The study found that women count calories more than men do when trying to lose weight, as half of women dieters opt to count their food intake -- compared with only a third of men dieters.
With the array of low-calorie choices many consumers have these days, many are opting for just cutting back on food intake instead of trying to exercise.
A sports scientist who conducted the study said, "The trend of people swapping the gym for a low calorie meal is very worrying. Consuming fewer calories is no substitute for exercise. We cannot afford to become a nation of calorie-counting couch potatoes -- the benefits of leading active lives are enormous."
Charlene Shoneye, research dietician at Weight Concern, added "I'm not surprised by the results. A lot of people find the idea of going to the gym quite daunting and so reducing calorie intake seems to be an easier option. We promote physical activity as opposed to going to the gym per se. Things like taking the stairs instead of using the lift and walking when ever possible to increase your energy expenditure throughout the day. The recommendation is 60 minutes of activity a day. That can be done in smaller slots."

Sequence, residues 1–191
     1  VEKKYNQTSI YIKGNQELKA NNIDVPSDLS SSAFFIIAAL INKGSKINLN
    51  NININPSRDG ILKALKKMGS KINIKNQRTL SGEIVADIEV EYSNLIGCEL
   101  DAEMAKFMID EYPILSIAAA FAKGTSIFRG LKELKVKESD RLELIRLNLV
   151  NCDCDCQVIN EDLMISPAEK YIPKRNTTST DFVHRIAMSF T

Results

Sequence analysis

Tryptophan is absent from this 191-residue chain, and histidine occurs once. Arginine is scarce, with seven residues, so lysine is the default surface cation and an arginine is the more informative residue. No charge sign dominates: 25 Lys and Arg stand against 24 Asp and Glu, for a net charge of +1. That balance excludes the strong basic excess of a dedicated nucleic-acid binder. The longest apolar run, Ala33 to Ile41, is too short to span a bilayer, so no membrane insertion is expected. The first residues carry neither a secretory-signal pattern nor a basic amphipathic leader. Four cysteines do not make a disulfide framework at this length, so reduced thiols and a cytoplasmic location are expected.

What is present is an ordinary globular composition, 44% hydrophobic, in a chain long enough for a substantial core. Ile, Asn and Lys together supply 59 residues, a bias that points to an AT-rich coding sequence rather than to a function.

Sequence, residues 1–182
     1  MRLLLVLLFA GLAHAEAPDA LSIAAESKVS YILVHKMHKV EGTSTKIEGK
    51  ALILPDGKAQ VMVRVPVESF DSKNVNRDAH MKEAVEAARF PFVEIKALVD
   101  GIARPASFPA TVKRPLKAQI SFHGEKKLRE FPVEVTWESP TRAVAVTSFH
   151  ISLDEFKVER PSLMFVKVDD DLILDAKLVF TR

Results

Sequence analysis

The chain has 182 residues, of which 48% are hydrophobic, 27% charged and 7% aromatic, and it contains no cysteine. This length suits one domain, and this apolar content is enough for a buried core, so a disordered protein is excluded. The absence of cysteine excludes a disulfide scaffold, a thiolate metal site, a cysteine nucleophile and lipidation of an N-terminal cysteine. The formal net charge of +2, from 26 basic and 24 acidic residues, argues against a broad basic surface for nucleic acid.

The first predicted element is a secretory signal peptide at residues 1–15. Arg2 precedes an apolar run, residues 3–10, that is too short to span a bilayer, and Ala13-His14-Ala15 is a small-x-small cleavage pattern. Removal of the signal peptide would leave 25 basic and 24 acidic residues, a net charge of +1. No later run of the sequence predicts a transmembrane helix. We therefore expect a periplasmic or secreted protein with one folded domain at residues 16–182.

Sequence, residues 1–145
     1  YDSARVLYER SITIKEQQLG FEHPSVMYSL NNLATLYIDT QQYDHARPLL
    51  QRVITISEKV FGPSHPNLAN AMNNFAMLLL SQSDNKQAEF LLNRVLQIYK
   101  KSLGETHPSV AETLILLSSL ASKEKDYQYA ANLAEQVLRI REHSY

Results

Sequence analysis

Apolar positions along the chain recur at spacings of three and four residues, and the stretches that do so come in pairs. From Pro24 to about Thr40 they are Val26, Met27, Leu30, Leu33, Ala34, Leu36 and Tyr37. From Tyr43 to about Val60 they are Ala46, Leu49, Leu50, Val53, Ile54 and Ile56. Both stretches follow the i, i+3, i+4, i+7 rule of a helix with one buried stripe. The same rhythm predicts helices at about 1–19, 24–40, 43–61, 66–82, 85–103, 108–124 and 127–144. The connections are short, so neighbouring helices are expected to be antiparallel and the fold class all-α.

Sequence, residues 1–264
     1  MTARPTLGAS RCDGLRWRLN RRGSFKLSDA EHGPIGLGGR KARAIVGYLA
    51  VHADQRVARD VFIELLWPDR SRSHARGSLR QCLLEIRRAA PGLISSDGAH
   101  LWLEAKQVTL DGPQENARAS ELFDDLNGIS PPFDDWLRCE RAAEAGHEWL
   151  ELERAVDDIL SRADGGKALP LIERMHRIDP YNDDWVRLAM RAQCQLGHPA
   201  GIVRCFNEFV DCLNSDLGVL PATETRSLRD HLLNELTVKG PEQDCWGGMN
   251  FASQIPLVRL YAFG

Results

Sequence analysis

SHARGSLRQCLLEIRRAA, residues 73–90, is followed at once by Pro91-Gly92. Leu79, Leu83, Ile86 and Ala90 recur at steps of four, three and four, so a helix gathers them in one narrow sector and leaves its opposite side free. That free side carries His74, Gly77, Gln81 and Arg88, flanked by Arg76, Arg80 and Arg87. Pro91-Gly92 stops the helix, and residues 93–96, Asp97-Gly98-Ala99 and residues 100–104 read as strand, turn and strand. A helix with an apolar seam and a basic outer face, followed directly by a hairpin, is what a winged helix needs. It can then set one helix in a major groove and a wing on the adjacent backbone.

"You can't starve yourself to health and fitness," explained Mike Adams, a former prediabetic who is now a consumer health advocate. "Exercise is an essential ingredient in any health endeavor, including weight loss and disease prevention. Counting calories alone is a recipe for weight loss failure. Unless consumers take up the exercise habit and make it a part of their lives, they will never achieve the level of health and fitness they deserve."